To recover from the Sandusky scandal, Penn State University must significantly change the school's culture, industry experts told PRWeek.
Former FBI Director Louis Freeh's law firm Freeh Sporkin & Sullivan released its long-awaited report on Thursday that said the university's leadership, including former head coach Joe Paterno, showed “total disregard for the safety and welfare” of children abused by former assistant football coach Jerry Sandusky.
Edelman, which was hired by the university in April to work on corporate communications, media relations, and stakeholder engagement, has advised the school and its board of directors on how to recover from the child-abuse scandal. The university also brought on Harrisburg, PA-based La Torre Communications at the time. It previously worked with Ketchum on its response to the crisis.
“They have to reiterate the strengths of the academics of the institution. They have to talk about their new governance and prove that they are having a culture of compliance,” a source at Edelman told PRWeek. “Football is a huge part of the brand, but ultimately over time you'll see a more dimensional brand. Don't run away from what you have, but make it broader.”
PRWeek asked crisis communications leaders to comment on what Penn State's top priority should be to restore its reputation. A roundup of their answers follows.
Jack Yeo, SVP and director of crisis and issues management at MSLGroup - "The facts contributing to this tragic situation represent a significant breach of trust that will not be forgotten anytime soon. To that end, the new leadership at Penn State has a steep hill to climb to begin to restore the university's reputation. Moving forward, they need to continue to make certain that their statements expressing regret and "taking responsibility" for what happened are backed by the appropriate policy changes that fully and completely correct the “football first” culture at the school and ensure the university is in full and complete compliance with the Clery Act. Most importantly, however, they need to continue to address this issue in the most forthright and transparent fashion possible as they work to rebuild."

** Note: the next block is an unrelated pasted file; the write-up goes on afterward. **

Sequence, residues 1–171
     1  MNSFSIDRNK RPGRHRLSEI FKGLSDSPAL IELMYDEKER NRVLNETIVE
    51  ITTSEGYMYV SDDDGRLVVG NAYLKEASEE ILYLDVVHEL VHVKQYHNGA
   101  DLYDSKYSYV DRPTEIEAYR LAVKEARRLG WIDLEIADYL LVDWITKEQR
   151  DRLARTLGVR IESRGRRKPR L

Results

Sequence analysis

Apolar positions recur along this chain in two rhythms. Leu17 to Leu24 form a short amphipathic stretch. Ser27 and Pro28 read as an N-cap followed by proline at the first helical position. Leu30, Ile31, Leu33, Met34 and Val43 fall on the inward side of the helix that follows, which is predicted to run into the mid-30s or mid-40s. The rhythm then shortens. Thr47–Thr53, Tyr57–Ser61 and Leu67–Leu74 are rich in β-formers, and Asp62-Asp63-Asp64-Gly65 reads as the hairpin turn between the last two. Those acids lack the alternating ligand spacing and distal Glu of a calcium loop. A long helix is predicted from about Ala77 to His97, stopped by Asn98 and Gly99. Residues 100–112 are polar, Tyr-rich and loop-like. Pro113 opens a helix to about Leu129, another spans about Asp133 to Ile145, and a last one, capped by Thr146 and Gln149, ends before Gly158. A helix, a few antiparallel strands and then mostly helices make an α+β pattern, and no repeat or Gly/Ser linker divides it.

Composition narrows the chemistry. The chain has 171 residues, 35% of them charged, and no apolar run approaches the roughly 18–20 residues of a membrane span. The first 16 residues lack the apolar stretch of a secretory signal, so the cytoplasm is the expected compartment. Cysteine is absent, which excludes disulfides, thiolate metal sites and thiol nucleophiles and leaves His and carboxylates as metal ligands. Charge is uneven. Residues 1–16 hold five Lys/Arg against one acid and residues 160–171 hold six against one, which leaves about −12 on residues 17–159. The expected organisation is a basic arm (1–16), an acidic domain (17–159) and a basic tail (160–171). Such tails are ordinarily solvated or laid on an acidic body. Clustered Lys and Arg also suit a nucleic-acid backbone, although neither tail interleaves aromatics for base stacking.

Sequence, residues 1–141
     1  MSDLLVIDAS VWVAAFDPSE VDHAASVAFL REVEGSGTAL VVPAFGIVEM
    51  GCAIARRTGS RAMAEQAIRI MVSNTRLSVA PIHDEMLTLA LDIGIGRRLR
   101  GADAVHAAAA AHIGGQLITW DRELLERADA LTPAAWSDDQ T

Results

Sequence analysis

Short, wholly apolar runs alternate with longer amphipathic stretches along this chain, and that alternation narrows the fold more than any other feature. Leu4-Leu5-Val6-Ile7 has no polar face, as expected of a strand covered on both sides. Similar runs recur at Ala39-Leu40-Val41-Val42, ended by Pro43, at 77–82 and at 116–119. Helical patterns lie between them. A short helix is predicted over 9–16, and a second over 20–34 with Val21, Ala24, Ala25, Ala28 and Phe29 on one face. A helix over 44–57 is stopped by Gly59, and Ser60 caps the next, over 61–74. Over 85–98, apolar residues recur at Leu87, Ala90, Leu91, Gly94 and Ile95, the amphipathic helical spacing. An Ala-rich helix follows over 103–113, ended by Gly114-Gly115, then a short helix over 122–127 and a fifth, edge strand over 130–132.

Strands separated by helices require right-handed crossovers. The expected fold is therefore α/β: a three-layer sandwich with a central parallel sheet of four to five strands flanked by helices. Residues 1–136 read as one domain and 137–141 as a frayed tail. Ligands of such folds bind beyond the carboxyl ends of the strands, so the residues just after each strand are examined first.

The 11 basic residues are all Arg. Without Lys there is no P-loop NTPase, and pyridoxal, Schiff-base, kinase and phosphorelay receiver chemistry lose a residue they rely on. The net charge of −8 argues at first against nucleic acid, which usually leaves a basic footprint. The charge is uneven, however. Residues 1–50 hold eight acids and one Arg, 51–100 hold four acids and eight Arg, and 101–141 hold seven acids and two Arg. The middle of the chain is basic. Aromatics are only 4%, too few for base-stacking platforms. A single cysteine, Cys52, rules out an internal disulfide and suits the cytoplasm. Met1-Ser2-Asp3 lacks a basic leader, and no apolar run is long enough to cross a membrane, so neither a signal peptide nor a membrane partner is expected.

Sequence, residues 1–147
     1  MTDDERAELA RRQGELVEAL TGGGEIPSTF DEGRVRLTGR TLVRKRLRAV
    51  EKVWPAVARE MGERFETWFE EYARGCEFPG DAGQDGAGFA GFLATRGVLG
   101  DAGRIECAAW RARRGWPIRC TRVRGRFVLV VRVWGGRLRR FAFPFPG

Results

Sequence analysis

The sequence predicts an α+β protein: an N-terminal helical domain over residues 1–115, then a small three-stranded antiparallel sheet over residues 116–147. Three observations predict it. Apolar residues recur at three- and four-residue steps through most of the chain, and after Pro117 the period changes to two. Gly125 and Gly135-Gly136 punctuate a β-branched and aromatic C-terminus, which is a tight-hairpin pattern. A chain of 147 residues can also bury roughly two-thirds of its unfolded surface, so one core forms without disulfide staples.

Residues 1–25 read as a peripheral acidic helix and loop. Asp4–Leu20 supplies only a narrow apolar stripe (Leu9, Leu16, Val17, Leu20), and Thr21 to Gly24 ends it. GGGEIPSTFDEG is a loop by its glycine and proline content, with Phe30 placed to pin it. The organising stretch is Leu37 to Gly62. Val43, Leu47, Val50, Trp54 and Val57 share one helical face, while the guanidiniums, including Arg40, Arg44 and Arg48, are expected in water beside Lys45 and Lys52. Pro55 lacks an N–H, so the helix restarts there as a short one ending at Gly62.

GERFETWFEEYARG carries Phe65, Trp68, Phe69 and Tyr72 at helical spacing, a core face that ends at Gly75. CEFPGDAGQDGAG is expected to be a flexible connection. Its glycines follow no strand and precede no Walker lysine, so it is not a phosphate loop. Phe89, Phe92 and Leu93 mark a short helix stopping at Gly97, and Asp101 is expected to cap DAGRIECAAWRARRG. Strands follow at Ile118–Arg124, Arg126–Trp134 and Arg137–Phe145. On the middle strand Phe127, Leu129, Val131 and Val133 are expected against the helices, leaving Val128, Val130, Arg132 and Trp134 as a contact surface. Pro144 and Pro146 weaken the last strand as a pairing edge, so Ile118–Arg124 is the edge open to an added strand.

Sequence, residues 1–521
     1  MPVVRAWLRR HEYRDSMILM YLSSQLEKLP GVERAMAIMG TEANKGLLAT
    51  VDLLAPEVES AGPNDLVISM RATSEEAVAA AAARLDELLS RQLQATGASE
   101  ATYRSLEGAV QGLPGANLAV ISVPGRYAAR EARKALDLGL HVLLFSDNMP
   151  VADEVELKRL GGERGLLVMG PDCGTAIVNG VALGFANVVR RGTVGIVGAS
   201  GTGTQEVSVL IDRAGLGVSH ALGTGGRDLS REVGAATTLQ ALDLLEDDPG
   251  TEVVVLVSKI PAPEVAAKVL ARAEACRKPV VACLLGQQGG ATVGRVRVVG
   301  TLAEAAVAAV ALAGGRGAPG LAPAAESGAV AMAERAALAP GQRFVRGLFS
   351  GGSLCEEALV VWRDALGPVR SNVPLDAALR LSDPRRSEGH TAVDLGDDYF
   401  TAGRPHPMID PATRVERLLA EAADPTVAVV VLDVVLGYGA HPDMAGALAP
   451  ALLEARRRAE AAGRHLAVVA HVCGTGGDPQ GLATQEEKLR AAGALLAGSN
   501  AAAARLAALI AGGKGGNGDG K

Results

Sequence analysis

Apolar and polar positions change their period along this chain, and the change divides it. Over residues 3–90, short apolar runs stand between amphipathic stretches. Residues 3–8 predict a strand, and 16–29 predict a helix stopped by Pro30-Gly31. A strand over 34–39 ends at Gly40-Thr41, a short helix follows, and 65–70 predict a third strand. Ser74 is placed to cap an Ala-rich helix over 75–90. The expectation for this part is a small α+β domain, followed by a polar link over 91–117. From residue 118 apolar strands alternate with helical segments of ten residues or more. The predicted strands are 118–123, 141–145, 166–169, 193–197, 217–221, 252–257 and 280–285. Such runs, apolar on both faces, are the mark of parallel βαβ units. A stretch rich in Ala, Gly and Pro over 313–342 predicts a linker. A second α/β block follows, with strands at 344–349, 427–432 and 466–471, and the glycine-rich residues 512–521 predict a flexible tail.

Rich Tauberman, EVP at MWW - “Penn State has done the right thing in bringing in Freeh and replacing officials in the administration and athletic program, but the way ahead is very complicated. It will live with the fallout for a long time from a reputation and financial perspective. I would counsel Penn State to continue taking the steps it is taking to cooperate with investigations and law enforcement, show contrition and empathy with the victims, including not engaging in aggressive or divisive defense of civil actions. In short, learn from debacle of what the Catholic Church did with its sexual abuse issues and do the opposite. The university can also take a lead in making this horror a teachable moment and get out in front on the very real issue of sexual abuse and harassment in the athletic and college world. They could start a foundation in honor of the victims to help out those similarly situated and educate officials, administrators, athletes, parents, etc., on all aspects of this matter.”
John Hellerman, co-founder of Hellerman Baretz Communications - “Considering the report and the findings of a massive cover-up, I think their priority must be complete transparency. They have to demonstrate an entirely new culture, which will take years to achieve. What happened at the school is a tragedy. They need to be completely transparent and dismantle the cult of personality and their shrines to Paterno. Nothing about him can remain sacred there except the lesson he left that when good people fail to act to stop bad people, tragedy results.”
Gene Grabowski, EVP and chair of the crisis and litigation practice at Levick Strategic Communications - “What Penn State has to do, as soon as possible, is someone in a position of high authority has to apologize for the actions of the university and immediately start talking about steps they are going to take for transparency, as well as all of their actions and the steps to be taken so something like this never happens again. Transparency now is paramount.”
Mike Paul, president and senior counselor at MGP & Associates – “They have to lean on the truth, and the truth also comes with a lot of liability. That's where the [courts of law and public opinion] differ. In our court… you have a further ethical and moral obligation to tell them what is best for their reputation, which is when you've done wrong to be held accountable, not to spin it or lie for them. The best thing you can do is tell the truth. Sometimes going to jail for six months or two years is the best thing you can do for your reputation and to have the reputation for your whole life. How can you rebuild when you're still lying?”